June 13. A lucky day for the only six-wheeled F1 car that ever raced in a Grand Prix

By on Wednesday, June 13, 2012

Derek Gardner’s first sketch of Project 34 from August 1974

An important page of Formula 1 history was written thirty six years ago today when a six-wheeled car won its first and, as it turned out, only Grand Prix. The Tyrrell P34 (known as Project 34) might be one of the ugliest F1 car ever built, but it was perhaps one of the most innovative and radical concept of all time. Three other teams - March, Williams and Ferrari - built experimental six-wheeled chassis after Tyrrell, but none of those ever raced in a Grand Prix; mainly because the innovation was banned in 1983.

Back in the 1970s the F1 cars were nearly identical, running similar engines, gearboxes and tyres; therefore the difference could only have been made in the design. Consequently, Derek Gardner, the Elf-Tyrrell Racing’s chief designer, came up with the idea of building a six-wheeled racing car. It wasn’t the first time Gardner thought about designing a car with four 10 inch wheels in the front and two standard-sized at the rear, but it was the first time someone took him seriously and found his theory interesting. One year later, in September 1975, the prototype was officially unveiled, and despite poor results in testing, Ken Tyrrell had seen enough and decided to start developing a six-wheeler for the following season.

Jody Scheckter is the only driver to ever win a F1 race in a six-wheeled car

The P34 made its racing debut at the 1976 Spanish Grand Prix, when Frenchman Patrick Depailler qualified third, but didn’t finish the race. However, after a double podium finish in Monaco, the P34 took to the top step of the podium at just its fourth event. At the 1976 Swedish Grand Prix, on June 13, the drivers achieved a one-two finish. Jody Scheckter started the race from pole-position and held on to the lead until the end. Eight other podium finishes came later that year and helped the team to finish third in the Constructors Championship, with just a twelve point deficit to eventual champions Ferrari. After a good first year for the six-wheeler, the 1977 season turned out to be a disaster. The drivers struggled with the car and scored only four podium finishes, complaining about rapid tyre wear and overheated brakes. The project was abandoned at the end of the 1977 season, due to lack of commitment from Goodyear to develop the front tyres. Because of that, Project 34 has probably never unlocked its real potential. The car proved its competitiveness more in recent years after winning some race events and even gaining the Thoroughbred Grand Prix title in 2000.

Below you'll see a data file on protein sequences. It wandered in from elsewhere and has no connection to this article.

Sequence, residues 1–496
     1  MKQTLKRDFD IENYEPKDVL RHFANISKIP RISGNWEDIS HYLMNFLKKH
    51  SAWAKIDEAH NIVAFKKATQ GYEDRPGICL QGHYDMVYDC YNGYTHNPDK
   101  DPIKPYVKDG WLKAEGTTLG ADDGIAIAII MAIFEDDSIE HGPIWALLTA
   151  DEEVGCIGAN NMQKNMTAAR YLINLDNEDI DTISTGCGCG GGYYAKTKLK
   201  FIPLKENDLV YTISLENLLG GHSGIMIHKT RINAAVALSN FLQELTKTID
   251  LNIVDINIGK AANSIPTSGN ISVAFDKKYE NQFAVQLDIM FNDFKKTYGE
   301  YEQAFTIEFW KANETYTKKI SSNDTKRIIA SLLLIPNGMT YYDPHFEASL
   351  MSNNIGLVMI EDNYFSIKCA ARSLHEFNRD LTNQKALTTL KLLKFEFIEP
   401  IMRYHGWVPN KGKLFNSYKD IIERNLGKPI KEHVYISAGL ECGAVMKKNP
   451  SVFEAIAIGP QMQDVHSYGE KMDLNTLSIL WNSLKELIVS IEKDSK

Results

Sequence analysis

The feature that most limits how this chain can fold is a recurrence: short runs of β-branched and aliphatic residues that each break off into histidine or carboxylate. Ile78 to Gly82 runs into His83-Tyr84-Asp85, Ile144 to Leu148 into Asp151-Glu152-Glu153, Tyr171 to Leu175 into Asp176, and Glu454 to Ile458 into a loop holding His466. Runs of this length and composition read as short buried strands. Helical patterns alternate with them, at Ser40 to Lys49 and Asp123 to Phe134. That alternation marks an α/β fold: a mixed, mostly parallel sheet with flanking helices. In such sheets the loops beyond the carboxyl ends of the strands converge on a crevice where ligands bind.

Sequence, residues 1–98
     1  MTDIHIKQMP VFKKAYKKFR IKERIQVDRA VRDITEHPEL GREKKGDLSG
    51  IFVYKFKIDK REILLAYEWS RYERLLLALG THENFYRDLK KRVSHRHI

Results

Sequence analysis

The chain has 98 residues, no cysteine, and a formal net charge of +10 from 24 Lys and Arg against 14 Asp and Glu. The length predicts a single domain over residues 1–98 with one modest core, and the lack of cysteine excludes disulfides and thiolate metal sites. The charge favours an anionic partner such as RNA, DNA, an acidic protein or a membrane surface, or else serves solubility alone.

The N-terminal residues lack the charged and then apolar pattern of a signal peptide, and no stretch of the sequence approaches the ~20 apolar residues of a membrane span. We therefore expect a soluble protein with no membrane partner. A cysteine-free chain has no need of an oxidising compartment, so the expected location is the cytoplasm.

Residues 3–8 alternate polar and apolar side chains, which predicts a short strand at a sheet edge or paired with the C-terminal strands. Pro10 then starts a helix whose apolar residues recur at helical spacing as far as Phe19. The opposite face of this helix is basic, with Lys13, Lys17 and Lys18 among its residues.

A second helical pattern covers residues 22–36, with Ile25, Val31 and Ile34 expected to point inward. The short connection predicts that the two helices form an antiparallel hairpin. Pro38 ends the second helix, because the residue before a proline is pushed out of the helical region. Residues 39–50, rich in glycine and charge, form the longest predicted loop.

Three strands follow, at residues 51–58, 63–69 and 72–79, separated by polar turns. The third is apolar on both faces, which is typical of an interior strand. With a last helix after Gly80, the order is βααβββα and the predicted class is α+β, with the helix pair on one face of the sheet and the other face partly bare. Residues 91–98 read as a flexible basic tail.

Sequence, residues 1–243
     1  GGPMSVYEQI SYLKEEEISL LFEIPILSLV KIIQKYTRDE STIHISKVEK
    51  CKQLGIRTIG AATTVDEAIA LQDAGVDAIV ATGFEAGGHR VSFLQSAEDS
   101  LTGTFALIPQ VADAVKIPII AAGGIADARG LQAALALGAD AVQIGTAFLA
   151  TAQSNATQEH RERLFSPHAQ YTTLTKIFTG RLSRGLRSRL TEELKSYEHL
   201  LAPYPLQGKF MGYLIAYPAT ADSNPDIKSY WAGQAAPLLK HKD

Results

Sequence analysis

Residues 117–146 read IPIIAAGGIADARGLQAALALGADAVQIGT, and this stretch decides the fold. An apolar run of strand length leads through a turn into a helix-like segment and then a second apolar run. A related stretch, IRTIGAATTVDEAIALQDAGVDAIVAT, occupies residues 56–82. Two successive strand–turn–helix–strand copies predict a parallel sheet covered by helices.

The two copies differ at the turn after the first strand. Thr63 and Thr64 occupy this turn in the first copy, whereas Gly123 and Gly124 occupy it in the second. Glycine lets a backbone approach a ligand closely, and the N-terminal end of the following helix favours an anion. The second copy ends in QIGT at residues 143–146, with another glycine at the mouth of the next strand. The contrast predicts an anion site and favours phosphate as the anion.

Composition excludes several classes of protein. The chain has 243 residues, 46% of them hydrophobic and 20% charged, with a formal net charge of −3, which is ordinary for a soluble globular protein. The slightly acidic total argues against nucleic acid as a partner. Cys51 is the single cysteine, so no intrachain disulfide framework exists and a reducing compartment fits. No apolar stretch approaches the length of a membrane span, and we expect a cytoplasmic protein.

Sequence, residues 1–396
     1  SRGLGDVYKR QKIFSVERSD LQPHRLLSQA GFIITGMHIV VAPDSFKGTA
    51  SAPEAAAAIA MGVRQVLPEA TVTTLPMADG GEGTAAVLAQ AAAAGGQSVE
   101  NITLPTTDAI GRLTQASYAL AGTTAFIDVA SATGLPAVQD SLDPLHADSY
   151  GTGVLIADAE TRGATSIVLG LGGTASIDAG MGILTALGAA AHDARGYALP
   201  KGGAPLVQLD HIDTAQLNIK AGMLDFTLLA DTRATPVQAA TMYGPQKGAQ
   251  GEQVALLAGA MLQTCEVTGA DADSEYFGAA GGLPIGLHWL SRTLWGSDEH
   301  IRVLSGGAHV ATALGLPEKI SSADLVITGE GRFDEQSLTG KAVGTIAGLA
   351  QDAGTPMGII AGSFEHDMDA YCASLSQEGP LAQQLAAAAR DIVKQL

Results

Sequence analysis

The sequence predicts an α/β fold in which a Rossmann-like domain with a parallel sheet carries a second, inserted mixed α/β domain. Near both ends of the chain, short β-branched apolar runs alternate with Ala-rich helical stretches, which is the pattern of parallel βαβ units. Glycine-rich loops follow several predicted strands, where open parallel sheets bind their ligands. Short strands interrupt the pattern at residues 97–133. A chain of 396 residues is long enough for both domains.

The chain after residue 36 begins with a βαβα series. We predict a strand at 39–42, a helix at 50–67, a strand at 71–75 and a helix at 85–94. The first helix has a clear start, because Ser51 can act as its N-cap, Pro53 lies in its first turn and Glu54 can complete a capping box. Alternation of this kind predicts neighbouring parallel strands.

Tyrrell’s mechanics rebuilding a 007 into the P34 prototype

The last time two Tyrrell P34s hit the same track was earlier this year, during filming for the next F1 movie Rush, a story about Niki Lauda and James Hunt's battle for the 1976 F1 world championship title. Two original cars - Chassis P34/2 and Chassis P34/6 - were bought to recreate the atmosphere of that era and to enhance the accuracy of the film. Chassis P34/2 was the first real P34, as Chassis no.1 was just a prototype designed on a standard Tyrrell 007. The car was raced by Patrick Depailler during 1976 season and two of the opening races of 1977 Championship. Chassis P34/6 was raced only six times by the Swedish driver Ronnie Peterson in the last six races of the 1977 season. For Rush, the car was adapted to look like a 1976 car.

The movie is directed by Ron Howard, two-time Oscar winner for A Beautiful Mind (Best Director and Best Picture), also known for directing other Hollywood blockbusters like Angels & Demons, The Da Vinci Code and Apollo 13.

After three-months of intensive work, Rush is now in post-production and is expected to be released in Spring 2013.

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